“Our strong safety record is a result of a high degree of involvement from employees working in an environment of high expectation.”

The Mine has a joint health and safety committee, as do most mining operations, but they also have a “joint body group” – each of the Mine’s crews have a safety representatives.

Monitoring safety at the ground level

“We have 35 safety reps on the floor every day, safety champions, and we all look out for each other. The safety reps they have extra training, and are involved with investigating any injury or incident that occurs. The key to our safety initiatives that has reduced our incidence of disabling injuries is that the system is management –led, but employee driven. The safety system is well communicated and understood.”

“We put a lot of effort into communicating with our people here, and building culture. We have an open door policy and strive to be fair and transparent. This approach is appreciated by everyone at the site and I’m sure is a large part of the reason that we are able to maintain a non-unionised site.”

Semadeni adds: “Kidd Mine started as an open pit, but has gone through many changes and provided significant economic sustainability for Timmins since the 60s. We owe it to ourselves and to our community to keep workers safe. We want people to continue to be proud to work at Kidd Mine. We’ve had people leave to work elsewhere, and come back because they feel more comfortable working in our safety conscious culture."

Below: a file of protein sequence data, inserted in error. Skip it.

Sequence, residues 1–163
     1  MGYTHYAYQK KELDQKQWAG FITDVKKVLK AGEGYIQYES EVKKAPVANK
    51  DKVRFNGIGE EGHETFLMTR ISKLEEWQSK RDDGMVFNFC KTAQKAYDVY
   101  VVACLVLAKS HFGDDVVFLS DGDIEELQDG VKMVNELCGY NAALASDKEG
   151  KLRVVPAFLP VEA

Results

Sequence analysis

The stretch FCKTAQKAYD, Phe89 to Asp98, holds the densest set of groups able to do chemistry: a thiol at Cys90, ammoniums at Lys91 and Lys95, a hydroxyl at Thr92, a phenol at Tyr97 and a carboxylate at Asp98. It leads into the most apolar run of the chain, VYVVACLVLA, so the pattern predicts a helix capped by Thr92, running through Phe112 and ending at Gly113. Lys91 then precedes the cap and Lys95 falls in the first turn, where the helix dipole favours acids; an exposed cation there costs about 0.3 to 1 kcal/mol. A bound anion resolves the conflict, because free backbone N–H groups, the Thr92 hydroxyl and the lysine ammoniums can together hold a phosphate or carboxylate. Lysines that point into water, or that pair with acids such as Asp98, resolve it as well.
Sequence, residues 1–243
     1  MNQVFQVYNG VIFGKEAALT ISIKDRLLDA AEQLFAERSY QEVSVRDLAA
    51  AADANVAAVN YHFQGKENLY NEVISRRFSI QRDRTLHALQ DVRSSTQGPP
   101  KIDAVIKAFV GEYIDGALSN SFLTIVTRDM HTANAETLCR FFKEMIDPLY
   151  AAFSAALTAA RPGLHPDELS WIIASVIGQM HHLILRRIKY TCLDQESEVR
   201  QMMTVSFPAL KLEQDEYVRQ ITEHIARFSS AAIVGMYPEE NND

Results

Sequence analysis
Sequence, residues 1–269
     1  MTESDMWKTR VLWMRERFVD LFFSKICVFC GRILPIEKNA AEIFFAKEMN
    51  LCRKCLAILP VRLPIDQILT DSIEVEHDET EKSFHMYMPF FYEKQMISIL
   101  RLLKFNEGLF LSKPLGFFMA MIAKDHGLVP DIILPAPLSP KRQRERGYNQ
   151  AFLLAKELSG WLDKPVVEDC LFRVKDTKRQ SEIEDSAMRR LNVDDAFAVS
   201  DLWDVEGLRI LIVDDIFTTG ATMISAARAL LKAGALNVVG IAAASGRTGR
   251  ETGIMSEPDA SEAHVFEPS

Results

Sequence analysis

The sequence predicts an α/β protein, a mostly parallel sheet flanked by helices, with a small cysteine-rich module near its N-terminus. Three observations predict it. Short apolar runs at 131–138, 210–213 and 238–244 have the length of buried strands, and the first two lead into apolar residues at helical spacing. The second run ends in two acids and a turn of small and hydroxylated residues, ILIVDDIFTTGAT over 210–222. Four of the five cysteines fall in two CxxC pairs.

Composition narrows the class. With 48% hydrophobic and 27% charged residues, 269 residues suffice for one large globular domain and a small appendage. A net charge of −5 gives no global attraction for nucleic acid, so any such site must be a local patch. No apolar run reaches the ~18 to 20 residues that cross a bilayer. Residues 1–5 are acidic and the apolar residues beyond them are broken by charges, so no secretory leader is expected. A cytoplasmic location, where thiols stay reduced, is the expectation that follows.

Kidd metallurgical

Sister operation to the Kidd Mine is the Kidd metallurgical site, located 27 kilometres from the mine, which processes both company-sourced and purchased feeds. Currently approximately 50% of its feed is acquired from third parties. The metallurgical site consists of a concentrator processing the copper-zinc ore from the Kidd Mine and the copper-nickel ore from Xstrata Nickel’s Montcalm Mine. It also has a copper smelter and refinery, a zinc plant, and cadmium, indium and sulphuric acid by-product plants.

Kidd Mine not only boasts a fantastic safety rating, but also a strong environmental commitment. This commitment is perpetuated throughout Xstrata Copper operations all over Canada. The company intends to be a leader in the Canadian mining industry for environmental performance and is committed to meeting or exceeding relevant laws, regulations and standards.